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Flu Vaccine May Not Be Much Help For Elderly

Wednesday, 28 December 2005 12:00 AM

Flu vaccines may not work as well as we thought for people older than 65, according to a surprising new study from the University of Washington.

Despite the widespread belief that the vaccines cut mortality risk for the elderly by nearly 70 percent, a carefully done study published in the International Journal of Epidemiology, shows the vaccines don't reduce death risk by nearly that much.

Lisa A. Jackson, MD, MPH, and colleagues say the problem has been that healthy elderly people are generally much more likely to get flu shots - and that very fact has confused previous studies.

When the University of Washington team compared generally healthy elderly people who got vaccinated to those who did not, they found much smaller benefits for those who received the flu shots.

In fact, the researchers write "The magnitude of this bias ... was sufficient to account entirely for the [reduced risk of death in vaccinated people] observed during influenza season."

The team compared death rates among the vaccinated and unvaccinated elderly people before, during, and after flu season. Those who received flu vaccinations had a lower death risk in all time periods - even when there was no flu going around.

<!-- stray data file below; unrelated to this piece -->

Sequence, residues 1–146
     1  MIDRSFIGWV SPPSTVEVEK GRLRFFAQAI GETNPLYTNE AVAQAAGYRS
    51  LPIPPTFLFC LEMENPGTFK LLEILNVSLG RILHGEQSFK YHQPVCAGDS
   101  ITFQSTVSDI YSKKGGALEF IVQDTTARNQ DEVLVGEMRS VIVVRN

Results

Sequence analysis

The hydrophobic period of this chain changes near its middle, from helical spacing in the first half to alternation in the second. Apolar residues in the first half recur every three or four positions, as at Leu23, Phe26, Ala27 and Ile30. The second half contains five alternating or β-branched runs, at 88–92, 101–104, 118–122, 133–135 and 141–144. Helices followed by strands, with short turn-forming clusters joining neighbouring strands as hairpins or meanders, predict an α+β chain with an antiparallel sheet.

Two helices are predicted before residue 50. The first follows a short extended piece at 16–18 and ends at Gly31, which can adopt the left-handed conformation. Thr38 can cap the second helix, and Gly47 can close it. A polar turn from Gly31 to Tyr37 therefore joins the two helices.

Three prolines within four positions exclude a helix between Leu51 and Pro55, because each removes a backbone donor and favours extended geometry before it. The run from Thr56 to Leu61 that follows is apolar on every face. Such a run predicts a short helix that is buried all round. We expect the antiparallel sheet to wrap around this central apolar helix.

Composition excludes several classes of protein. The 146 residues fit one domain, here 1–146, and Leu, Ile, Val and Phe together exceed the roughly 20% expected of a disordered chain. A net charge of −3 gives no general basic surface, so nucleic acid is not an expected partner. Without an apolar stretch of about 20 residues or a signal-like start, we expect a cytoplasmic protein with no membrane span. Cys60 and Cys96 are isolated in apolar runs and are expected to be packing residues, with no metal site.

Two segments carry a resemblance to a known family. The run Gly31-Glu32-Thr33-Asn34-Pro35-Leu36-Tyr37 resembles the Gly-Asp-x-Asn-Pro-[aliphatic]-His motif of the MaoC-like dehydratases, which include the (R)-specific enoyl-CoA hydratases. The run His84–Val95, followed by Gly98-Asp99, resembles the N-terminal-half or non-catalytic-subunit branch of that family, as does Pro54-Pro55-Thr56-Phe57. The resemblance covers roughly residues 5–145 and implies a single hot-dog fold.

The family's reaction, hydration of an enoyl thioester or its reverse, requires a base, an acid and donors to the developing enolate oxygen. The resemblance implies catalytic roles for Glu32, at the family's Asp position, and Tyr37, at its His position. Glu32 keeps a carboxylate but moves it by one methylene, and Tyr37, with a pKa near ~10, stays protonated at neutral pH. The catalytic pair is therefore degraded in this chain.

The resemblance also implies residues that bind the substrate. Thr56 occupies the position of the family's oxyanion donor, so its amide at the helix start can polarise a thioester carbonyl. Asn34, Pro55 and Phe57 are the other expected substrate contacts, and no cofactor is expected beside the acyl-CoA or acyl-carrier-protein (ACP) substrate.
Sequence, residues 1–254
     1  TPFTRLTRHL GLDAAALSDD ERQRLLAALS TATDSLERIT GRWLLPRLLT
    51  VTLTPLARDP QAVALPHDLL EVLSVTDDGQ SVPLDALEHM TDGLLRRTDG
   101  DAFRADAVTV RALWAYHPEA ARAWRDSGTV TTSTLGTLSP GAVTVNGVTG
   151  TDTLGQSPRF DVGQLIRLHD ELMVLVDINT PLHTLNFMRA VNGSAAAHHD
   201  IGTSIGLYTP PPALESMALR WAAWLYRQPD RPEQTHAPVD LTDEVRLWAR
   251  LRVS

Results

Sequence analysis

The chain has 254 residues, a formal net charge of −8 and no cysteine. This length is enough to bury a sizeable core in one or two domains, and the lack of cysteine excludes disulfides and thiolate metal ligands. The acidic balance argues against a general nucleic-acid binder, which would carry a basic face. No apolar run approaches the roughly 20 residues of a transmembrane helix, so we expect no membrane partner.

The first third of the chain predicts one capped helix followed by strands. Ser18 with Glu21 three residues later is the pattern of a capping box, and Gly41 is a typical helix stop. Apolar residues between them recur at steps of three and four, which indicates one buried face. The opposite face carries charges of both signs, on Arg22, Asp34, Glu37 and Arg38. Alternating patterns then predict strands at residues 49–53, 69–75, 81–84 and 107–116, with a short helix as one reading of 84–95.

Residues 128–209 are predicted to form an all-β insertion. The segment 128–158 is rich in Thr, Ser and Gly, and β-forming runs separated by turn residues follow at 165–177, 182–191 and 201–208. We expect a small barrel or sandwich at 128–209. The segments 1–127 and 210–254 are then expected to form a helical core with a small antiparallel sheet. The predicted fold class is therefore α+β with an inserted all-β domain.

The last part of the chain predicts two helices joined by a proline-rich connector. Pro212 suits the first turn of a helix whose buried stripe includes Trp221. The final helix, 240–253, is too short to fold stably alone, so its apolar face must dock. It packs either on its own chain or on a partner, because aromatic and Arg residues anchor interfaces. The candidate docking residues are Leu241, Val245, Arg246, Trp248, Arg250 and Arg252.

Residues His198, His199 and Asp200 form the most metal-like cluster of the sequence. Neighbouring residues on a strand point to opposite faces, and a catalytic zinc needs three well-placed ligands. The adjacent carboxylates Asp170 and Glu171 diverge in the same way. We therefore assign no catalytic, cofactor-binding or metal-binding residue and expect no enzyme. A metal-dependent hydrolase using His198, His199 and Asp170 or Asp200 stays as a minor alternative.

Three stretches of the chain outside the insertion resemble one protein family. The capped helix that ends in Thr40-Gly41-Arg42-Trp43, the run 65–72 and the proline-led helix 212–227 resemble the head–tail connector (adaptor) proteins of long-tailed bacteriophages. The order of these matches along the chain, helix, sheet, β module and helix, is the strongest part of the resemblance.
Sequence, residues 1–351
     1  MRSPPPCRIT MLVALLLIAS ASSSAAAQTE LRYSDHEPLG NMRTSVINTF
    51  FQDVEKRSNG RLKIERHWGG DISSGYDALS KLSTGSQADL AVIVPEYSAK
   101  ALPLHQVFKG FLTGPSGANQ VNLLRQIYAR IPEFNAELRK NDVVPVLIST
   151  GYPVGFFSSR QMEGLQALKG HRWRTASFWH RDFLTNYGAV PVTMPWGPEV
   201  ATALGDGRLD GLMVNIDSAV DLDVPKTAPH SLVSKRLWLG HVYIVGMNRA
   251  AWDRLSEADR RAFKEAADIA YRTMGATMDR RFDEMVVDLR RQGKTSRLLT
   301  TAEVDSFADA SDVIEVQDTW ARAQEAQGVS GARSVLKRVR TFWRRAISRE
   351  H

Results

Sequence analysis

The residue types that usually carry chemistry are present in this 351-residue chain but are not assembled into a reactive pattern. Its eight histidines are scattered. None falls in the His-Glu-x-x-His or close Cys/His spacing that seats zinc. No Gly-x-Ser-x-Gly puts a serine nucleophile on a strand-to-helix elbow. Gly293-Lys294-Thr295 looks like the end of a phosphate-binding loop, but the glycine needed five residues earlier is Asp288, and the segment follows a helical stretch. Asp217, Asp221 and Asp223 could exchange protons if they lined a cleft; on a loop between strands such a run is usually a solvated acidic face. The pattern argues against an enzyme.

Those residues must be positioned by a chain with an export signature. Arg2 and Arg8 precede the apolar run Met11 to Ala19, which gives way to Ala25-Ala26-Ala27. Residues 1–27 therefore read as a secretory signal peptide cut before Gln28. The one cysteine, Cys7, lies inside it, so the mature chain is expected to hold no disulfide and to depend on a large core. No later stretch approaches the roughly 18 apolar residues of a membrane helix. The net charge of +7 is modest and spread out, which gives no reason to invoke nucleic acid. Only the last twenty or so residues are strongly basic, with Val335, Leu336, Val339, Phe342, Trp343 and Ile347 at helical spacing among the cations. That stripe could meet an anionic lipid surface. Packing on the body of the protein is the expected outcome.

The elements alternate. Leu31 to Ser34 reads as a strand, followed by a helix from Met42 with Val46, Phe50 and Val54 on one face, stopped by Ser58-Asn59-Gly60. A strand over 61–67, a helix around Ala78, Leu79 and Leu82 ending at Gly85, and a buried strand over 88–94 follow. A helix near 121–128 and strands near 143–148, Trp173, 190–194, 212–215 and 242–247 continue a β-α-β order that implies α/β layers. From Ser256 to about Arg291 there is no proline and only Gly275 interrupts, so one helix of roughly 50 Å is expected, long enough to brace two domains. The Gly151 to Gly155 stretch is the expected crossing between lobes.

The researchers also looked at 252 people aged 65 and older who died during a flu season and matched them with 572 people who died at other times.

Elderly people who got flu vaccines were 41 percent less likely to die during flu season. But those who didn't get flu shots were much more likely to have health problems and when the researchers compared people with the same health status, they found that vaccinated elderly people were only 29 percent less likely to die during flu season.

An editorial from NIH specialists accompanies the report and argues that we need better flu vaccines to protect elderly people and should put more emphasis on vaccinating school children, who are the major spreaders of flu.

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Wednesday, 28 December 2005 12:00 AM
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